Evolocumab and alirocumab are monoclonal antibodies to an enzyme (PCSK9) involved in regulating LDL cholesterol (LDL-C) levels. They have now been registered in Australia to treat raised LDL-C levels in specific patient groups and appear generally safe and well tolerated. At least 50% reduction in LDL-C level can be expected. Cost pressures may prevent their wider use.
Despite ‘scare-mongering’ in the lay and some medical media, statin therapy to reduce elevated LDL cholesterol (LDL-C) levels is effective in reducing future cardiovascular (CV) events, this being accompanied by an acceptable side effect profile. Regrettably, long-term statin therapy does not abolish CV risk, either because there is a residual elevation in LDL-C or because patients cannot tolerate statins (principally because of muscle problems) or other causal factors are at play. This important unmet need may be addressed in part by a new type of therapy: inhibitors of the enzyme proprotein convertase subtilisin-kexin type 9 (PCSK9).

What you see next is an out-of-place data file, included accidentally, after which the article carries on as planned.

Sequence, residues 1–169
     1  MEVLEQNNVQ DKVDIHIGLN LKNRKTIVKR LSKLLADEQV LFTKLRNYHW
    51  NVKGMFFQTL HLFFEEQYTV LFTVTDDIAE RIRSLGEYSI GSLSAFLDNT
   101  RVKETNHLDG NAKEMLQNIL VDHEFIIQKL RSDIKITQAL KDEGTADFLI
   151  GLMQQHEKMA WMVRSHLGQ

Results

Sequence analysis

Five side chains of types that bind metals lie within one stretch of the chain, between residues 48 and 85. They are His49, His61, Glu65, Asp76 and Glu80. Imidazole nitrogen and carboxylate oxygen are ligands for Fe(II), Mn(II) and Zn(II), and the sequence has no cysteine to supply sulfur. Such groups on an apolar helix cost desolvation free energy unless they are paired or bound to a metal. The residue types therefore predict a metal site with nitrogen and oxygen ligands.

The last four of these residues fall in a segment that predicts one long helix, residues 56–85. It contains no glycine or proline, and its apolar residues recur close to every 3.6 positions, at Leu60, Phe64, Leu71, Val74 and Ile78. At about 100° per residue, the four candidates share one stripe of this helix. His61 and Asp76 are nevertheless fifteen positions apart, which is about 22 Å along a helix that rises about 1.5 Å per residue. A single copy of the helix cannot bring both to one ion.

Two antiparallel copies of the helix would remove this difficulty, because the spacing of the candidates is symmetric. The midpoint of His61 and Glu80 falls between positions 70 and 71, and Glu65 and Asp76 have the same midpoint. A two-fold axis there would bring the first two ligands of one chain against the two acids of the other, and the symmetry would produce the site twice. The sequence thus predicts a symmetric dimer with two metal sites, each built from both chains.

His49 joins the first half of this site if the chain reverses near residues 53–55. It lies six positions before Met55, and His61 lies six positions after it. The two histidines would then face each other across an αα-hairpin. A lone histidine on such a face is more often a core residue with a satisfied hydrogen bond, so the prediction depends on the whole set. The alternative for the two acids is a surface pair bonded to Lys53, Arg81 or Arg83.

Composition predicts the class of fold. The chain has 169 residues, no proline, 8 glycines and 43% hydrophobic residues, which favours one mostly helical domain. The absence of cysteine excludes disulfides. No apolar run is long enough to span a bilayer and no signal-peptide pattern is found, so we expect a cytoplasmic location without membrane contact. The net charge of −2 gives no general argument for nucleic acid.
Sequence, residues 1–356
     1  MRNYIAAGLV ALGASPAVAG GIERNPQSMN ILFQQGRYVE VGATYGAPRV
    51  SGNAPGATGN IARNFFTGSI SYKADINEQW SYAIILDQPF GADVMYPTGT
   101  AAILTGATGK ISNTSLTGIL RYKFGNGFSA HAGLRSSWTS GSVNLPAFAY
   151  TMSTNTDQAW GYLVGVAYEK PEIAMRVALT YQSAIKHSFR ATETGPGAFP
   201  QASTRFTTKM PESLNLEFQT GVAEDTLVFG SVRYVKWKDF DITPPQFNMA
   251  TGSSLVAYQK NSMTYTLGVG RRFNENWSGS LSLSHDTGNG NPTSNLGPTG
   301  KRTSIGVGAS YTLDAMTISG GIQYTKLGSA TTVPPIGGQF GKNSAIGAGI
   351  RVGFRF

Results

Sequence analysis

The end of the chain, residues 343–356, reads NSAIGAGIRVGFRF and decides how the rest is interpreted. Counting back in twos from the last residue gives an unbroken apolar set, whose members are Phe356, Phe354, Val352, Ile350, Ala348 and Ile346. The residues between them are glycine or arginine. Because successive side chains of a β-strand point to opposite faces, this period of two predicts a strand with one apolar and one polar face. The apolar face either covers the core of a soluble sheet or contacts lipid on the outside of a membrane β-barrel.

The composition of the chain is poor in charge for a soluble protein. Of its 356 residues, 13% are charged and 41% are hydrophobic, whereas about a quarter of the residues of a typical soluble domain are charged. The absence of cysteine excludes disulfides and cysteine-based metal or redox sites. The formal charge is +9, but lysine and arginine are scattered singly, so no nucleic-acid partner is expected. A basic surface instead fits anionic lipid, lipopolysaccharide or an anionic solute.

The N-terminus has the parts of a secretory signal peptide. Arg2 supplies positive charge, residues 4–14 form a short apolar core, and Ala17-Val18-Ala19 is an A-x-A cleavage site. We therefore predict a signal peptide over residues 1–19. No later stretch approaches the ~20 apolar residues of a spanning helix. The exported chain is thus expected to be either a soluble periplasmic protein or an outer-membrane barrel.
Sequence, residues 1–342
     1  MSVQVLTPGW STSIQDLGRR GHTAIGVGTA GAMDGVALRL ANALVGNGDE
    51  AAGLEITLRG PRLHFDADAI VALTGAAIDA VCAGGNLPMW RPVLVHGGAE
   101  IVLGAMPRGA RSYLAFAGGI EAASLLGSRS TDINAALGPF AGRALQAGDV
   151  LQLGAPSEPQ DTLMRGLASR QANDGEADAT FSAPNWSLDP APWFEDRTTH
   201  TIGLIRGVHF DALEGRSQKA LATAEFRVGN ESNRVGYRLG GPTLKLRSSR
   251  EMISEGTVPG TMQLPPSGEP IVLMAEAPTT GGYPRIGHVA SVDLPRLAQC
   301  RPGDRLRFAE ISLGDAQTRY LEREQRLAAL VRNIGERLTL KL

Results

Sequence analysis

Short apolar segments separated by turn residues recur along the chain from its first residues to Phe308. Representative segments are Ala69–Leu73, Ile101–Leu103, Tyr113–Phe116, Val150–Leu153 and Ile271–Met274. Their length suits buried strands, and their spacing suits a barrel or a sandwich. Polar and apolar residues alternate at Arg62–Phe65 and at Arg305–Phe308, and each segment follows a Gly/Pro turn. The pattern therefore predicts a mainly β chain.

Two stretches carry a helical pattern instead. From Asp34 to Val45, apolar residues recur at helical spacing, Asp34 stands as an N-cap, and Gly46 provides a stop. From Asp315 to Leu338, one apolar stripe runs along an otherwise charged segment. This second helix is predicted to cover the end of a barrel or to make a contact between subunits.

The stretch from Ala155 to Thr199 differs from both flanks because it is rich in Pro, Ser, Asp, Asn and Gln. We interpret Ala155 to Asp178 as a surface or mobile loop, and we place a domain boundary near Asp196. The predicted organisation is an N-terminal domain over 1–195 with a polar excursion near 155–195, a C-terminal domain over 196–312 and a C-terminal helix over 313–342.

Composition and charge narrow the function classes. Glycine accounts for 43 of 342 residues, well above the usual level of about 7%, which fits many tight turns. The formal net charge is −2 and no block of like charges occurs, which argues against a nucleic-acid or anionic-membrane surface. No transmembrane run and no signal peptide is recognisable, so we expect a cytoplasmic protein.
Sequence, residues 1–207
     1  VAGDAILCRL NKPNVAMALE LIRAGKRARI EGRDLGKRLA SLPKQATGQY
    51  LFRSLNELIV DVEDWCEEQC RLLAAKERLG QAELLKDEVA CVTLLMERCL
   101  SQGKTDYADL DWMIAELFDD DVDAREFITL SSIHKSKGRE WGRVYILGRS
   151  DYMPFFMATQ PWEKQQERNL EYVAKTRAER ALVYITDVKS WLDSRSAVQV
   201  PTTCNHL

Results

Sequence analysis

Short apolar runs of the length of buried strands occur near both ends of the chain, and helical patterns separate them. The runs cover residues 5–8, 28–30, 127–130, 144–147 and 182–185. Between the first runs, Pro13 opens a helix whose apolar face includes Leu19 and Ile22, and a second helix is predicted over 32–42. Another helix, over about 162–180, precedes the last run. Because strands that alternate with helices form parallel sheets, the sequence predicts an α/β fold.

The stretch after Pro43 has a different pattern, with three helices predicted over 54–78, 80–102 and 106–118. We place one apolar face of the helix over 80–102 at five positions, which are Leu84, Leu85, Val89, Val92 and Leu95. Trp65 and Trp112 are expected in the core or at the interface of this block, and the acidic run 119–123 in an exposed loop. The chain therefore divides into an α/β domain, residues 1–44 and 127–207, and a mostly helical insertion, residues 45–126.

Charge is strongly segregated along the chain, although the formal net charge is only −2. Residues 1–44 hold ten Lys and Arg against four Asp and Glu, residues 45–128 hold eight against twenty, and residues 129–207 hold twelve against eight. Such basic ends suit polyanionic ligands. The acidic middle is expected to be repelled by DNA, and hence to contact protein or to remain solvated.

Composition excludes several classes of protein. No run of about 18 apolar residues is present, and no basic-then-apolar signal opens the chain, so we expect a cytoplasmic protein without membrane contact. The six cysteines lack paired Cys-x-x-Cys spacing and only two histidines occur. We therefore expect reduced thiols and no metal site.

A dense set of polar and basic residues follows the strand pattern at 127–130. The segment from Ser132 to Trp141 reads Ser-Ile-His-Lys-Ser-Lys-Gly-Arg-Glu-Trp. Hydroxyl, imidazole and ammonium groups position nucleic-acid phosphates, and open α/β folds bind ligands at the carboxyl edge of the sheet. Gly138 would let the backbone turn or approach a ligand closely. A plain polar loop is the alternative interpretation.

Picture credit: © John Bavosi/SPL